Then came the exploration of the outdoor markets. These tend to happen on Fridays and Saturdays throughout the city. The first one I stumble on by accident is an enormous market surrounding Parque Llano with a bazaar-esq feel to it: little portable restaurants with large communal tables that are elbow-to-elbow with people eating tasty treats, rambling produce stands, clothing, electronics — you name it, it’s here. On Saturday I tackle the outdoor organic market in Xochimilco, that sits just in front of the Iglesia de Xochimilco. This is a great spot for breakfast, lots of little stands serving strong organic coffee and various other breakfast goodies, and — to be honest — some of the best cheese I’ve had in my life.

Friday market in Parque Llano. Photo: Phillip Smith

While waiting for today’s variation of corn tortilla with unknown stuff inside for breakfast, I meet Vivian, an American who is here writing a book. She is by no means the first American author in Oaxaca I’ve met. It’s either something about the air here, or something about the history of uprising and resistance in Oaxaca, that seems to attract all of the world’s lefty writers. It’s a good thing that I like lefty writers.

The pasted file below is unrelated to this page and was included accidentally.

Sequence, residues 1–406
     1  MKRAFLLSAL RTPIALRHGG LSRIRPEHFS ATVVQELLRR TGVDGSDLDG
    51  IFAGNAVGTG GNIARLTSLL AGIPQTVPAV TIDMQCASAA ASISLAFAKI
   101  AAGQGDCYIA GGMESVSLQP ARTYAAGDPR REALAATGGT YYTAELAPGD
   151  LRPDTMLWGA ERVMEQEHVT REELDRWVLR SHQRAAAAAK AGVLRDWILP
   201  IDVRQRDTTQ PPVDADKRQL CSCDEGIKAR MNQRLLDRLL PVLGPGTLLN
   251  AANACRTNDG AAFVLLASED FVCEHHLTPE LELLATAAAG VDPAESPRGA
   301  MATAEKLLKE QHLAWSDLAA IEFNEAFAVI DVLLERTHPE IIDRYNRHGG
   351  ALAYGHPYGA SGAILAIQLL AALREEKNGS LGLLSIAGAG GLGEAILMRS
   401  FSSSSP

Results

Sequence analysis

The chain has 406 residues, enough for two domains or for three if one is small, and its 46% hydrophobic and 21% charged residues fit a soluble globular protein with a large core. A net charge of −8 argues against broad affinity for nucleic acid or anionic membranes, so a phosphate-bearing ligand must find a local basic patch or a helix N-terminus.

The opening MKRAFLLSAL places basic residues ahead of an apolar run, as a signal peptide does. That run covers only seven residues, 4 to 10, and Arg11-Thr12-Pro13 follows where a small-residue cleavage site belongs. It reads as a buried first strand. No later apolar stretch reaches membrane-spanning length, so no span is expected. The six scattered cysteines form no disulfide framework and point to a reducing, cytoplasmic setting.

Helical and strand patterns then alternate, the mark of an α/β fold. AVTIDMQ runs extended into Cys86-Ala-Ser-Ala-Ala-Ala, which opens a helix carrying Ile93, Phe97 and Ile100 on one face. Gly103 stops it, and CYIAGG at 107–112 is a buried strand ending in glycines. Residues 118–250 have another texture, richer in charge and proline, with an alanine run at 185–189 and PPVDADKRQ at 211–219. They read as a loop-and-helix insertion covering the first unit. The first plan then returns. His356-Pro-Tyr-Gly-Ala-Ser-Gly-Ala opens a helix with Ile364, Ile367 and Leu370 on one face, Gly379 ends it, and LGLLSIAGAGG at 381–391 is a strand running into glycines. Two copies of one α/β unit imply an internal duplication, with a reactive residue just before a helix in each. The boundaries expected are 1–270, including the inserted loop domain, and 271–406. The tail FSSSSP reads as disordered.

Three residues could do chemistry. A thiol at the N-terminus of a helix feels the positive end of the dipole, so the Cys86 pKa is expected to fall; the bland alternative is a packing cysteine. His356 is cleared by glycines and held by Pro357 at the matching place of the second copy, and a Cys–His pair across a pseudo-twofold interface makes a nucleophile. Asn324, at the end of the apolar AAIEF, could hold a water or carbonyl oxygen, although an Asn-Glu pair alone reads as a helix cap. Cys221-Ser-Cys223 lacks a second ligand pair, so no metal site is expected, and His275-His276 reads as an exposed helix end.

The weekend wasn’t complete without a lazy Saturday afternoon rooftop soiree hosted by the ladies of Pro World, Teresa and Blaze, and deejayed by the ever-entertaining Scott. The music and conversation continued well into the evening, and it was a superb vantage point to watch the sun set behind the mountains that surround Oaxaca city.

I ended my “week without a room mate” with the realization that, in Oaxaca, flying solo isn’t really flying solo at all.

January 23 2012


Mexico: Week one, a slow start in Oaxaca.

Red Wall, Oaxaca, Mexico. Photo: Phillip Smith

As you no doubt know from personal experience, having a head cold when the sun is shining and the weather is hot really, really sucks.

Nonetheless, the week was not without some adventures, for instance:

There was the cultural experience of a trip to one of the local mobile phone companies — Moviestar — to get a local phone number. Similar to Buenos Aires, it feels like there’s an peculiar level of bureaucracy required for such a straightforward transaction, i.e.: buy the SIM card from one person, stand in line to see the next person who can swap the full-size SIM for a micro SIM, wait for a third person to activate the SIM, and back to the first person again to add credit to the SIM so it can actually be used. Ninety minutes later I have a working mobile phone with 3G Internet. It is no big surprise to me that I have felt lost without Google Maps, and it feels great to have it working again for care-free city exploring. (Bizarrely, I managed to get by in Mexico City with a paper map of all things. Go figure.)